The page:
Labour will democratise the National Lottery with new transparency measures for ticket sales and give communities a greater say in how lottery money is spent locally.
Currently, there is no official data available on the amount of money generated by lottery ticket sales in areas throughout the country. But there is widespread concern that lottery funding distribution is unfair. Areas where a bulk of lottery tickets are bought feel they do not get their fair share of lottery funding in return.
York Central received £21,733,499 from the National Lottery between 2013/14 and 2017/18, ranking 59 out of 650 constituencies.
Labour will make greater transparency assurances a condition of the next lottery licence, in particular to release data on ticket sales. This would mean the public can clearly see where money for good causes is generated, encouraging fairer distribution.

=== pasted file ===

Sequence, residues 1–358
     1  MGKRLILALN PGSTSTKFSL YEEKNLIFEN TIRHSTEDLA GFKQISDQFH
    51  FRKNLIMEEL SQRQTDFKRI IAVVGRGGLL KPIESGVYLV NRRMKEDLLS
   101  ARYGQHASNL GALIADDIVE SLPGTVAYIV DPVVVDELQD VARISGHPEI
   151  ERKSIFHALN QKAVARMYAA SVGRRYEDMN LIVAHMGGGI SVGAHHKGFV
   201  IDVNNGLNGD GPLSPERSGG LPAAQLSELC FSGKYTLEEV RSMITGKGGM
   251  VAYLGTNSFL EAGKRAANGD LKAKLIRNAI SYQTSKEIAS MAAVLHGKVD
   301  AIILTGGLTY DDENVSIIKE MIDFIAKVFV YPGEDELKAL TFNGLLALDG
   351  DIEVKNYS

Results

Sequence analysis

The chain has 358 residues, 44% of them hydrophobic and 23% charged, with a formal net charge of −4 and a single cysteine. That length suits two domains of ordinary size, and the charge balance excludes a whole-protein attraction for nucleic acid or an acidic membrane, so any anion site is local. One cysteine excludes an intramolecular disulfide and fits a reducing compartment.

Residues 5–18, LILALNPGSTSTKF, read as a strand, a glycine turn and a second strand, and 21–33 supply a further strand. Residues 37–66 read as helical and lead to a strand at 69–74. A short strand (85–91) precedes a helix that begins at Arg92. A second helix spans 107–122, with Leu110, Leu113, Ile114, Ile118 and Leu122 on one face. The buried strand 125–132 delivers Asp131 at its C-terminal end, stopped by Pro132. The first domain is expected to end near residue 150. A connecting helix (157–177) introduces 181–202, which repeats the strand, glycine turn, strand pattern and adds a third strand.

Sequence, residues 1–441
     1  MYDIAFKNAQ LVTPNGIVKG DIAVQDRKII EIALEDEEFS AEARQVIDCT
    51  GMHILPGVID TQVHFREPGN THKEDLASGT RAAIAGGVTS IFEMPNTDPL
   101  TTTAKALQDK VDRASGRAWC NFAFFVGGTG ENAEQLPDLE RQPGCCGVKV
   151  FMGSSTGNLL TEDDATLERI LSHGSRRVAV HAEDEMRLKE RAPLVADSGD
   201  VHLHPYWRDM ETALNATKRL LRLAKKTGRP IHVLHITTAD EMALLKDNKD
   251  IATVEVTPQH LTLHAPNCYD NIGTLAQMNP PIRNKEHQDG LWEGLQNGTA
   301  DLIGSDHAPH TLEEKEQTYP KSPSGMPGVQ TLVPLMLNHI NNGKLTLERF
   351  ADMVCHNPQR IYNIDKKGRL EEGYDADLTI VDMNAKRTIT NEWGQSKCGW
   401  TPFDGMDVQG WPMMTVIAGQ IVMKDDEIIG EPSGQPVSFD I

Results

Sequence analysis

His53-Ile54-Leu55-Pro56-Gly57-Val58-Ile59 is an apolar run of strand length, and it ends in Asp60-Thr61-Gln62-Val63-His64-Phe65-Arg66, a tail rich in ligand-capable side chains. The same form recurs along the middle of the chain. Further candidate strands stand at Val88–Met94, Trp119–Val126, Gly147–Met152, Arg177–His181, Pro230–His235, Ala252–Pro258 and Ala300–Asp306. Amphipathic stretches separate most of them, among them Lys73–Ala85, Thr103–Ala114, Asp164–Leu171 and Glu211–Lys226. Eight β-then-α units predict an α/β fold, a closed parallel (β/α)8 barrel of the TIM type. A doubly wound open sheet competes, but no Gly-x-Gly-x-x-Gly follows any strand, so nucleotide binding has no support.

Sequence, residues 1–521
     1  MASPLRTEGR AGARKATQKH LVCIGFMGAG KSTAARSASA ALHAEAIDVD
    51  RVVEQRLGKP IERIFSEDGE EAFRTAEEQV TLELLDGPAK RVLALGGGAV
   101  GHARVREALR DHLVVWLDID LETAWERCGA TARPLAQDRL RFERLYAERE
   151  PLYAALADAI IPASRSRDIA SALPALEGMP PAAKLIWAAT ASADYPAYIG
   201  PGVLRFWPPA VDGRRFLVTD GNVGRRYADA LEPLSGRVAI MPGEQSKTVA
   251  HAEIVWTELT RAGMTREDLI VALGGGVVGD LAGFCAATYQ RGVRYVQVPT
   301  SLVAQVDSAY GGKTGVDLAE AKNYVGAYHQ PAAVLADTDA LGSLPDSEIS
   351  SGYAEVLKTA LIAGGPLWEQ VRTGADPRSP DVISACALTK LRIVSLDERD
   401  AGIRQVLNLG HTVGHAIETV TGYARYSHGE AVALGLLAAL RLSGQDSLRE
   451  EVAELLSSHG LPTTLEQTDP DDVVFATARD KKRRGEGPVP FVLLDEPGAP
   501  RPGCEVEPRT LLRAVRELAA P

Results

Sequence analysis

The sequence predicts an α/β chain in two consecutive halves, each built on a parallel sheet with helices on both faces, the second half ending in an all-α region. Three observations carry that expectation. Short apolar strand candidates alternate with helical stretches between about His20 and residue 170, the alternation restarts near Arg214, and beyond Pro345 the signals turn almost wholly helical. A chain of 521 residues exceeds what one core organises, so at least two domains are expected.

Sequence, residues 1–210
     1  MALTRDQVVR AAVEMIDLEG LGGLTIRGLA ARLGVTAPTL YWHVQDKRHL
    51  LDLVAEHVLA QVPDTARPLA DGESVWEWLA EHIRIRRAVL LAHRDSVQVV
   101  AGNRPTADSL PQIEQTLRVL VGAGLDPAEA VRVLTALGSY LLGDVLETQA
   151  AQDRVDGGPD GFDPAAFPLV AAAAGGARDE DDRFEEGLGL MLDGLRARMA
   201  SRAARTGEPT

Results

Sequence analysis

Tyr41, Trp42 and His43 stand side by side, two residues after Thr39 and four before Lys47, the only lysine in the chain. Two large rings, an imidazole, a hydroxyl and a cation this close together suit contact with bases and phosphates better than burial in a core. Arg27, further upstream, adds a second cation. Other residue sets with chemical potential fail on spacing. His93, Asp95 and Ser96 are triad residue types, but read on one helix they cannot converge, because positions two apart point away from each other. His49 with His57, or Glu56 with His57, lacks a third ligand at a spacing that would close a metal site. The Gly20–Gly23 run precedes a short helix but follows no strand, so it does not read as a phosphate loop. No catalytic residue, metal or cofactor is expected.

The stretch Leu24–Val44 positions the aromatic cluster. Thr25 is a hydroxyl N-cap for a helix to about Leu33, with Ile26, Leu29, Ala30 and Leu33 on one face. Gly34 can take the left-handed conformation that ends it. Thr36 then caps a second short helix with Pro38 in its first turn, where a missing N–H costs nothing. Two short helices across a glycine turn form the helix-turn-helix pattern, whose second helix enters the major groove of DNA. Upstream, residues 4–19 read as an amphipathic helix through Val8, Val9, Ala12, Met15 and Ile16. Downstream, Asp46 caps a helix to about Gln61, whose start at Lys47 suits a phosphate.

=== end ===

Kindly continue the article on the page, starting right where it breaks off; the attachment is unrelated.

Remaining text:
The lottery licence is due for renewal in 2023, with the process beginning next year. Labour will also consult on introducing new mechanisms to better ensure that communities can contribute to how lottery proceeds are spent in their area.
Rachael Maskell MP for York Central, says:
“The National Lottery funds some excellent causes in our region, but for far too long people have been concerned that the funding distribution is unfair.
“In the last five years, we’ve received £21,733,499 from the National Lottery in our area, far less than many other communities. Leeds Central for example received over 3½ times as much at £82,931,880 and the Cities of London and Westminster Islington South and Finsbury received over 15 times as much at a massive £337,529,705. That’s why Labour will make the National Lottery more transparent, so that people can clearly see where lottery tickets are bought and help make sure we get our fair share.
“We will also look at how people can have more of a say in how lottery money is spent in our community. It’s time to take more control of our National Lottery.”